- discretional acts at the company’s expense;
- any acts not authorized by the general meeting or board of directors, when such authorization is required;
- lending of the company’s funds or assets; or
- unauthorized receipt of any direct or indirect personal advantages from third parties, on account of their position.
Note that the directors shall not be liable for unlawful acts performed by other directors, unless they are involved with these directors, or they neglect to perceive them or if, having knowledge of them, fail to act to prevent their performance. However, directors are held jointly liable in the case of decisions taken by the board of directors, unless they specifically vote against them.
In this particular, we note that each of its members is personally liable for any act of omission or negligence of the board of directors, and a dissident director shall express his or her disagreement regarding the resolutions taken through the clear and written register in the minutes of the meeting of the relevant administration body, to release him or herself from any eventual civil liability. The director who agrees with the performance of acts that violate the law or the company’s by-laws shall be held jointly liable for the losses resulting from said act.
If a manager is held liable for any damage to the company, the company may file a lawsuit for damages upon prior resolution of the general meeting. This lawsuit does not jeopardize any other court remedies available to the shareholders or third parties directly injured by the management acts.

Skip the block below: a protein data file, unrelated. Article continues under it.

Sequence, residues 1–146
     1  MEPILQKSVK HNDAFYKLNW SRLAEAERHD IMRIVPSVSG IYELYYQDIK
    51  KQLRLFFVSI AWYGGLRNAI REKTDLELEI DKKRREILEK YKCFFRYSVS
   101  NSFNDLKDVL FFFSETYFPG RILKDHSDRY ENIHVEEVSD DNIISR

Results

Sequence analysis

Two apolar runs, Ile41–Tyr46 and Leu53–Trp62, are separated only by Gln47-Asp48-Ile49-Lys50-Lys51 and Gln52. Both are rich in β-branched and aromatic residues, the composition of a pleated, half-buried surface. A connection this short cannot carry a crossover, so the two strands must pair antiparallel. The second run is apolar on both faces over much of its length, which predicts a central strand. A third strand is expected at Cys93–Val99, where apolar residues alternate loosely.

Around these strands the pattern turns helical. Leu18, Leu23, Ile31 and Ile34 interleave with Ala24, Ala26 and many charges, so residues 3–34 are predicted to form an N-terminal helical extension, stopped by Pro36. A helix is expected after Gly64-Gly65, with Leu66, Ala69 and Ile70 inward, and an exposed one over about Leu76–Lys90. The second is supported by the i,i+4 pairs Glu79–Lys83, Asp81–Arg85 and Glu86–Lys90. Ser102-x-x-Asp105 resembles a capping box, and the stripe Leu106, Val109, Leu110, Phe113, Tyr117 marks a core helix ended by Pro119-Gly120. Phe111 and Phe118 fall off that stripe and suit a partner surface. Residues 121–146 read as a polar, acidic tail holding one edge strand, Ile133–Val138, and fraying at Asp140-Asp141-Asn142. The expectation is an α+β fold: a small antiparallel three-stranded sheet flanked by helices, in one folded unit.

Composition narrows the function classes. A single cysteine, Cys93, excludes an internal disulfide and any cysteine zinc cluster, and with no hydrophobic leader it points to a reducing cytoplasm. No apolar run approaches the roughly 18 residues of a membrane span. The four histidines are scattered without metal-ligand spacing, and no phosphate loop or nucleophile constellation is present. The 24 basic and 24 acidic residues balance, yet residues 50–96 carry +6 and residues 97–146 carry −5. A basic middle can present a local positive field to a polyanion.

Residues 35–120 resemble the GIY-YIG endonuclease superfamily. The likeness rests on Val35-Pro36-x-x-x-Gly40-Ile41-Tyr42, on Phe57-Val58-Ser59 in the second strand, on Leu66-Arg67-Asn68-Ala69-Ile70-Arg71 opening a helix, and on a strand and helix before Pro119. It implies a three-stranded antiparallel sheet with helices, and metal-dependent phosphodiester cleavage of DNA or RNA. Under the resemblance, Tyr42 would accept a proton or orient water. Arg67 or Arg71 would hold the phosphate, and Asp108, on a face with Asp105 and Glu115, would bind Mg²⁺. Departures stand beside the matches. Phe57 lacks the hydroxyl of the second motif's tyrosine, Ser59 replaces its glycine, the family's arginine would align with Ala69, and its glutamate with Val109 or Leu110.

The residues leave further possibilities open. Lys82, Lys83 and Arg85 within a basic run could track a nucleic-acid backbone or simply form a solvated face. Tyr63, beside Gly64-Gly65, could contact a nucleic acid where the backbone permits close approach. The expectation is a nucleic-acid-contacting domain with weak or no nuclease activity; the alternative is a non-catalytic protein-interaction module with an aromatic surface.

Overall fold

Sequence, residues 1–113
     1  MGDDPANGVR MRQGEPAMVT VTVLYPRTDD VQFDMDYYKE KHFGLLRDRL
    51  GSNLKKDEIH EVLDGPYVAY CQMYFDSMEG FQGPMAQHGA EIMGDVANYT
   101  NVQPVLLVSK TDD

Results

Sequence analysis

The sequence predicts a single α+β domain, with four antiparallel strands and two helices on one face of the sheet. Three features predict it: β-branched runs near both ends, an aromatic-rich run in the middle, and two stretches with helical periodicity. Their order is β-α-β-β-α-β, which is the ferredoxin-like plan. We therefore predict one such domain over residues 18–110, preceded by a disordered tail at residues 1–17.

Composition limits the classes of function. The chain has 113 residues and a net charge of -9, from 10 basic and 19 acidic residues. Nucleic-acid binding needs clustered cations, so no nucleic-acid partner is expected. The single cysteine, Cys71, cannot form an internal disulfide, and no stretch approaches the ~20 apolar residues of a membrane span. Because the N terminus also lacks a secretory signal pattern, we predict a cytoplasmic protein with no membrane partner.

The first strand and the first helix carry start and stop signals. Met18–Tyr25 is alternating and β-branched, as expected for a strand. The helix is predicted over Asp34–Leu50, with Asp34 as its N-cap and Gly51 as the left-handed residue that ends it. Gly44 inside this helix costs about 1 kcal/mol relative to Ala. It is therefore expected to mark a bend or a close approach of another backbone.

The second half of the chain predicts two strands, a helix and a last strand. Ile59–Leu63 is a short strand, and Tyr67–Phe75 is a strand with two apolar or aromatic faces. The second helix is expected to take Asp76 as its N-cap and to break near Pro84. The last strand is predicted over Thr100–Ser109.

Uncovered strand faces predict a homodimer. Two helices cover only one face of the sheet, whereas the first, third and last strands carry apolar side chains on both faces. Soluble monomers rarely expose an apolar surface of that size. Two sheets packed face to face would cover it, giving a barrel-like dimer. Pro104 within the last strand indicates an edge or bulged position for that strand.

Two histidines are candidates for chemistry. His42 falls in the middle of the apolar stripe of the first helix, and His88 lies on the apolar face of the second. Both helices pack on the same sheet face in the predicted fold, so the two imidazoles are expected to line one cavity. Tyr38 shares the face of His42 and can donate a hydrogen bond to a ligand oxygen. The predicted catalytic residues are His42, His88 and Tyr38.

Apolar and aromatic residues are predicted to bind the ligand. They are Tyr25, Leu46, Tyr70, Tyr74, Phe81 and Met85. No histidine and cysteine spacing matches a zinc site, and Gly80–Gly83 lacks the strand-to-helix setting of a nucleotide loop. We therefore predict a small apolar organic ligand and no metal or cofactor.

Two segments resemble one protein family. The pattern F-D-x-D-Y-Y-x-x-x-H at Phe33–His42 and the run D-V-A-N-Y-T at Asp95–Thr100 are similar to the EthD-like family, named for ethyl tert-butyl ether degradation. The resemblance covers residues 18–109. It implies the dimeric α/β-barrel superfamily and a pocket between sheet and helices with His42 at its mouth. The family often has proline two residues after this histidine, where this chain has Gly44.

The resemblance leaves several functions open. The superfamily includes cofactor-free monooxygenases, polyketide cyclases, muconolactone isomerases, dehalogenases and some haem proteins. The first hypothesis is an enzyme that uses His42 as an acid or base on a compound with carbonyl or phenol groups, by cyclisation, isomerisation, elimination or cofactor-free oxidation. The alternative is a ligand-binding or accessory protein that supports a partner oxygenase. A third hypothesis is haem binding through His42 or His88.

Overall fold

The most common tools available to mitigate directors’ and officers’ liability are (i) D&O insurance, (ii) E&O insurance and (iii) letter of indemnity, hold harmless letters or comfort letters.
D&O insurance are insurance policies that cover the losses incurred by individuals with management power being held liable for acts performed in the ordinary course of business under their responsibilities as directors or officers of the company. According to the rules that regulate D&O insurances in Brazil, the purpose of a D&O insurance policy is to cover the risks held by individuals that have management powers in a company. Even though current rules provide that coverage may be extended to include individuals or companies retained to advise the policy holder, its subsidiaries or the insured parties, such as legal counsels, consultants, personal assistants, etc., the offer of such extended coverage by insurance companies is optional.
Contracting a Professional Liability/Error and Omission (E&O) insurance policy is another alternative to protect managers from liabilities related to the performance of their activities as a board member. Typically, a Professional Liability/E&O insurance covers damages arising from error and omissions (including acts carried out with negligence, imprudence or malpractice) carried by the professionals of a company.
A third option is a letter of indemnity. Typical, letters of indemnity provide for the company’s or its shareholders/partners undertaking to indemnify managers for losses arising under certain circumstances. It is possible to create a structure where an insurance company reimburses the company (or its shareholders/partners) for payments made under the letter of indemnity.
How are managers typically compensated?
As already mentioned, typically Brazilian companies are managed by an executive office team. The executive office team shall be composed of at least two officers. The officers of Brazilian listed companies may be elected and removed at any time by the board of directors. In relation to the compensation paid to the company’s executive officers, please refer to our comments on item 10 above.
How are members of management typically evaluated?